Pakistan’s tenuous economic situation is opening the door to foreign competition in the country. Since Islamabad signed on with the China-Pakistan Economic Corridor, the largest project in Beijing’s expansive Belt and Road Initiative, China has spent billions of dollars on the endeavor. And the financing comes with plenty of strings attached. Sri Lanka, for example, had to concede control of Hambantota port, another Belt and Road production, to a state-owned Chinese firm after failing to repay what it owed for the project. Though Pakistan hopes to avoid the same fate, doing so won’t be easy. To fend off downward pressure on its currency, the rupee – which has lost 15 percent of its value this year – Pakistan has had to dip into the foreign exchange reserves it needs to service its mounting obligations. The country, facing a balance of payments crisis, seemed to have no choice but to borrow even more money from Beijing or solicit yet another bailout (its 12th since the 1980s)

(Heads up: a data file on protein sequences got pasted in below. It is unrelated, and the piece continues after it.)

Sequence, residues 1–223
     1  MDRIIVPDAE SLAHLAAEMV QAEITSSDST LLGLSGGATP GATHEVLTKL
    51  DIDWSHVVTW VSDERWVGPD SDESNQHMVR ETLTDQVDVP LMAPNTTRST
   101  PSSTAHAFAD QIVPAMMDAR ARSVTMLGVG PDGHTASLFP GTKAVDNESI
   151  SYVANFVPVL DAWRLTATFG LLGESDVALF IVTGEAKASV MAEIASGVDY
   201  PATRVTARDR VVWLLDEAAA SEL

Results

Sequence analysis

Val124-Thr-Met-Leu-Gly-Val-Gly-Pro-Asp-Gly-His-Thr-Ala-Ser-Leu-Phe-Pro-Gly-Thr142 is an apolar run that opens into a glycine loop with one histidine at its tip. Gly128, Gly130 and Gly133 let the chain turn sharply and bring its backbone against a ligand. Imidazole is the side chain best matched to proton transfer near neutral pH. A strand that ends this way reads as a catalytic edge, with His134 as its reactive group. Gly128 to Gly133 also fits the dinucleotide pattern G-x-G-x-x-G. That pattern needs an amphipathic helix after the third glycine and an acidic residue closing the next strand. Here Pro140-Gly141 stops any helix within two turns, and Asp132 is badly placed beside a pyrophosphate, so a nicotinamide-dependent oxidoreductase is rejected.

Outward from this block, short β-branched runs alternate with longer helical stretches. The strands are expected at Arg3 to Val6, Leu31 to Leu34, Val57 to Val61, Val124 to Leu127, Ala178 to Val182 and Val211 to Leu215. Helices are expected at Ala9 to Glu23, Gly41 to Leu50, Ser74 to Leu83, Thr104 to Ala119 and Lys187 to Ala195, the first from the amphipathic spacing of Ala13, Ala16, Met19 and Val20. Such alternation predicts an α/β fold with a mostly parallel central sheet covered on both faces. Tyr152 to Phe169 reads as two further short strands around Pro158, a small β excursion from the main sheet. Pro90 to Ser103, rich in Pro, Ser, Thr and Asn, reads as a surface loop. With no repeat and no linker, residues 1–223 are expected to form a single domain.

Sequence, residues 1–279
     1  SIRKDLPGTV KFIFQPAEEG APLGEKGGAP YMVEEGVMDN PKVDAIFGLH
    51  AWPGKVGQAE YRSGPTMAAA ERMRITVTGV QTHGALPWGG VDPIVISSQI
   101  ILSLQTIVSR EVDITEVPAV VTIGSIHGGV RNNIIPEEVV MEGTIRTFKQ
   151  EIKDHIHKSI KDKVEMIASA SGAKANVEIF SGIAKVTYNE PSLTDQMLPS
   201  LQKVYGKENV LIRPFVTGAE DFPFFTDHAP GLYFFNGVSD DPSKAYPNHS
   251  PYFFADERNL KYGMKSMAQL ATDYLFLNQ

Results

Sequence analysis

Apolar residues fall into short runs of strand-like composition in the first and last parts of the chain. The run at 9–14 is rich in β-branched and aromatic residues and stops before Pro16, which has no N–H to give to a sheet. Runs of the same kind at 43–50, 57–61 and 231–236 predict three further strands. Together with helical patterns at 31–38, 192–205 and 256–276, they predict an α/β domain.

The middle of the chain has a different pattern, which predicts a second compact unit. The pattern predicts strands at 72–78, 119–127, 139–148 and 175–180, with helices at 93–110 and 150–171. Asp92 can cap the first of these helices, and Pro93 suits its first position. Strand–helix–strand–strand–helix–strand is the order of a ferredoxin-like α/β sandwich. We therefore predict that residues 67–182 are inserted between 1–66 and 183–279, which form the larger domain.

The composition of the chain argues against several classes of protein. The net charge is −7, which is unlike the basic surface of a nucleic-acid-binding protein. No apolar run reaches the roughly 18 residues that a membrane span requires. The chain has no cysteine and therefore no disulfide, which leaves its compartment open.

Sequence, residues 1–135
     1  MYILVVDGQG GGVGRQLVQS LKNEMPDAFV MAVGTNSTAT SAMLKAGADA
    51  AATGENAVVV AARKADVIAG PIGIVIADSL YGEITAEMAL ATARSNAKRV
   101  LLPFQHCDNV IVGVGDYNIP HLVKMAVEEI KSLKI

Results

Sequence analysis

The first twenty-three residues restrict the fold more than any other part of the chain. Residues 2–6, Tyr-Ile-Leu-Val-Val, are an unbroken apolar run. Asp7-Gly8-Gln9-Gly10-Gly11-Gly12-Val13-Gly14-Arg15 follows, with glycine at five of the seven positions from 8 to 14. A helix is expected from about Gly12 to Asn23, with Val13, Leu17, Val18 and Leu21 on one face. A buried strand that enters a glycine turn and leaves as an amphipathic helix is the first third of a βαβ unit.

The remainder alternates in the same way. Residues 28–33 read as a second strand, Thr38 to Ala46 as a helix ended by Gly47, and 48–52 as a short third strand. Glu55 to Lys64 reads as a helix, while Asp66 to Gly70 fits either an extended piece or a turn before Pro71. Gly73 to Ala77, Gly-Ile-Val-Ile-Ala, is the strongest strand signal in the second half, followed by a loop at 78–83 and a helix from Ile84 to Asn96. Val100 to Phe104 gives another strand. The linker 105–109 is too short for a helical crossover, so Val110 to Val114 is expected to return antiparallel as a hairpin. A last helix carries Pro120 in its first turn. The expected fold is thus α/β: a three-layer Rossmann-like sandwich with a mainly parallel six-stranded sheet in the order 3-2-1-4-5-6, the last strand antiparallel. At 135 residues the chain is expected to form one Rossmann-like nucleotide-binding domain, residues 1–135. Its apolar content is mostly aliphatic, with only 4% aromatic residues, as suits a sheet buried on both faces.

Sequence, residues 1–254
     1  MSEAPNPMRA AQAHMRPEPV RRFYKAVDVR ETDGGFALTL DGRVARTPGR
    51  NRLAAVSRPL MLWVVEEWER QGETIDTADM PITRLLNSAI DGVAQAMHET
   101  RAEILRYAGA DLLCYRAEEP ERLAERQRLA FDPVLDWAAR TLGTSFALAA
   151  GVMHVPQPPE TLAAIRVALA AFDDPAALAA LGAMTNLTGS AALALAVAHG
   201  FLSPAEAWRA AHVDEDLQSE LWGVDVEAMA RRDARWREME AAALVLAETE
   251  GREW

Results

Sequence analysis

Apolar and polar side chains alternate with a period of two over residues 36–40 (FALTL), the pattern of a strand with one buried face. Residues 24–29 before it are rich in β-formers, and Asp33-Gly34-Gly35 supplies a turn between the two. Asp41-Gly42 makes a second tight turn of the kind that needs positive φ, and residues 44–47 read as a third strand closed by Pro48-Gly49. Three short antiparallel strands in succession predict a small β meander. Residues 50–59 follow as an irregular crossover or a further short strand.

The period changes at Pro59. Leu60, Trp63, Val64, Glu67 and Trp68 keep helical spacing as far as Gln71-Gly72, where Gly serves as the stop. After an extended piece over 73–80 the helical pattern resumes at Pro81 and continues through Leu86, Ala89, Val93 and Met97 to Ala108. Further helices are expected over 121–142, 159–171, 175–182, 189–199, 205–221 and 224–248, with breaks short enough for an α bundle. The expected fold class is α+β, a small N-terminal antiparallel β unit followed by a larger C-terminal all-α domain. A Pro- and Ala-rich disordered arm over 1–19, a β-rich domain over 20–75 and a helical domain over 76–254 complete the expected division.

Saudi Investment in Pakistan Could Yield Global Returns
The deal could pay dividends for both parties, as well as the U.S., while costing Iran and China.